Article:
Challenges Non-native Speakers Face


Ranjana Darjee in a typical Nepalese dress Photo credit: Ranjana Darjee

Ashley Cruz Cortes, Contributor

Imagine attending high school in a country that speaks a language you don’t know. 

At BFA there are four students who have moved to Vermont from all over the world. These students are Ashley Cortes (‘22) from Honduras, Ranjana Darjee (‘21) from Nepal, Angelie Notingor (‘21) from the Philippines and Thang Le (‘24) from Vietnam. They are living here with their families and now must navigate the difficulties of high school at the same time they are learning English. 

“In the U.S. there are better opportunities than Nepal, but [it] also is safer. That’s why a lot of people over the world immigrate to the U.S., but some of them struggle with communicating,” said Darjee.

Cortes, Darjee, Notingor and Thang Le are all ELL (English language learners) students at BFA, and there are some similarities and differences in the challenges they face day-by-day.  “One of the hardest things about learning in English is when you don’t know a word,” said Notingor.

As a student who recently moved here from Honduras, I have learned that there is so much new language when you’re listening to a teacher in class. You get overwhelmed and you lose track of what is going on and miss so much of the lesson. Sometimes, people talk too fast and you lose track of what they are saying.  I have also learned It’s hard to pronounce words because the people we learned English from in our country were not native speakers of English, so we have to adapt to their pronunciation.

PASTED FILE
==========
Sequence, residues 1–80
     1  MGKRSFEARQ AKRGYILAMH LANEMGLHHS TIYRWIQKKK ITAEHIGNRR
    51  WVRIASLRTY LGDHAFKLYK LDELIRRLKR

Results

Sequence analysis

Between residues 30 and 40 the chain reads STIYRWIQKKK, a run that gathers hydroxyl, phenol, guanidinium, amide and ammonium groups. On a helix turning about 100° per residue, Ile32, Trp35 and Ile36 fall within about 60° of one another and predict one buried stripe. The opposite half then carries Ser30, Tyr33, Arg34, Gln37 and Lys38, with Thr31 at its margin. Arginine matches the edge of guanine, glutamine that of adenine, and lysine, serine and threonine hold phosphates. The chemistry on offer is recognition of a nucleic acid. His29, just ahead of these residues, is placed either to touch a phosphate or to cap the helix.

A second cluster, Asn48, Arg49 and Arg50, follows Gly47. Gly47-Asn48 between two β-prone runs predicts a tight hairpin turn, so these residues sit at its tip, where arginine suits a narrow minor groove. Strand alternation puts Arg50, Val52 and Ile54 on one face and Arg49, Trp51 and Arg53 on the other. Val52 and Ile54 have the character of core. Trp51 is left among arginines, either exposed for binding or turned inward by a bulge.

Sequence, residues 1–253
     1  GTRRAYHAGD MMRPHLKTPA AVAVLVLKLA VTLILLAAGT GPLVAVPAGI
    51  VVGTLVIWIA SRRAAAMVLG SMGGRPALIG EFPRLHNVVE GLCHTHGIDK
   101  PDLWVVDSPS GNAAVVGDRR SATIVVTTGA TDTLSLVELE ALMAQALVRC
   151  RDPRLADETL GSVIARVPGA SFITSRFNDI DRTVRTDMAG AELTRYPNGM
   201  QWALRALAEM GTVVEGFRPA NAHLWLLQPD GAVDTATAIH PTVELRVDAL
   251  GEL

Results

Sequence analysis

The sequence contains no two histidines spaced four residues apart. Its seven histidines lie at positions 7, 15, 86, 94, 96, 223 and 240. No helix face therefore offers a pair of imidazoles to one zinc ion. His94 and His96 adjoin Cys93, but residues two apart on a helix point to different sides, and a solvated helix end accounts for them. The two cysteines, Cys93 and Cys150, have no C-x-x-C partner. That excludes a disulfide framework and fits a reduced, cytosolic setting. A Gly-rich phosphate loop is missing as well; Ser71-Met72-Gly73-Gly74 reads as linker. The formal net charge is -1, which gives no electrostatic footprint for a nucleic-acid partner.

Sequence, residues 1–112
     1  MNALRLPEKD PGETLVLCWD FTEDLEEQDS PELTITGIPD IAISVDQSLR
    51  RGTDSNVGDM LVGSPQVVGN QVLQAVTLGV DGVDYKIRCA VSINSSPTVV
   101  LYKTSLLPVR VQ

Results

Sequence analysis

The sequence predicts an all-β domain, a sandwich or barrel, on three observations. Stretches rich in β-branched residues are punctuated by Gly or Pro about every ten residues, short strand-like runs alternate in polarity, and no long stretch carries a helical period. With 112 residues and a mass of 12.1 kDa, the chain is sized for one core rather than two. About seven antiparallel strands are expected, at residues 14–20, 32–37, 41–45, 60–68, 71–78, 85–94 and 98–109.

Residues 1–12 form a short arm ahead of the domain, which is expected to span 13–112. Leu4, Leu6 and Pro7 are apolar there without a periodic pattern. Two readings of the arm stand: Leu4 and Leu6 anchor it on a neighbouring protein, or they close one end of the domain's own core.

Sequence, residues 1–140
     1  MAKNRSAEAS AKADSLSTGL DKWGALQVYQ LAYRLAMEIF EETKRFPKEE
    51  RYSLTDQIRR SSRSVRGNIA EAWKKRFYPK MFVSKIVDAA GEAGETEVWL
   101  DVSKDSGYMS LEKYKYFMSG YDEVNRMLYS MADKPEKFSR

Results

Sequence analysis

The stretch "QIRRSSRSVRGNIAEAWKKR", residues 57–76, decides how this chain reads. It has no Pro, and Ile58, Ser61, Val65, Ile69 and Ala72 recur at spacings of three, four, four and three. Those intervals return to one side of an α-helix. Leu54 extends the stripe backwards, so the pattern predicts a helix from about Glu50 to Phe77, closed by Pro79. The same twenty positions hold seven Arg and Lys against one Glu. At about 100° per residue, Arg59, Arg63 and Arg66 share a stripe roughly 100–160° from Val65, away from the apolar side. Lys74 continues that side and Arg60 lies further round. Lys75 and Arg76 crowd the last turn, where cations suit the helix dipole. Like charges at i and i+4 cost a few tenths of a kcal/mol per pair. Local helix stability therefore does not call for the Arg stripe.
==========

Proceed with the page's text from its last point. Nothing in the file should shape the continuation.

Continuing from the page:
“It’s also hard to respond as quickly as you want to someone who speaks more English than you,” said Notingor. 

It’s not just about the language, it’s also about social customs because we have different perspectives about people.  We had an idea that Americans have no feelings because they don’t show emotions.  Friends who went to the U.S., and returned, said that Americans don’t physically demonstrate their affection for friends with hugs, etc. They seem cold.

Adjusting to the food can be challenging for some, while others eat their native food more than American food.  “We still have the same culture as we had back in Nepal because the U.S. is a country of freedom,” said Darjee. 

Adapting to a new climate and culture can affect students physically and mentally. According to Renne Rouleau (RR), the human body tends to react when you are exposed to something new, developing diseases or adverse skin reactions.  I have already adjusted to the climate in my mind but my body  hasn’t adjusted as quickly.  My skin is drier than in my country.

Every teenager has to adjust to their parents’ decisions.  It’s hard to make adjustments when you are trying to learn English, but some people don’t have a choice.  They can’t return to their countries.  “We moved here for a better settlement and a better life.  It was my parents’ decision to move here,” said Darjee.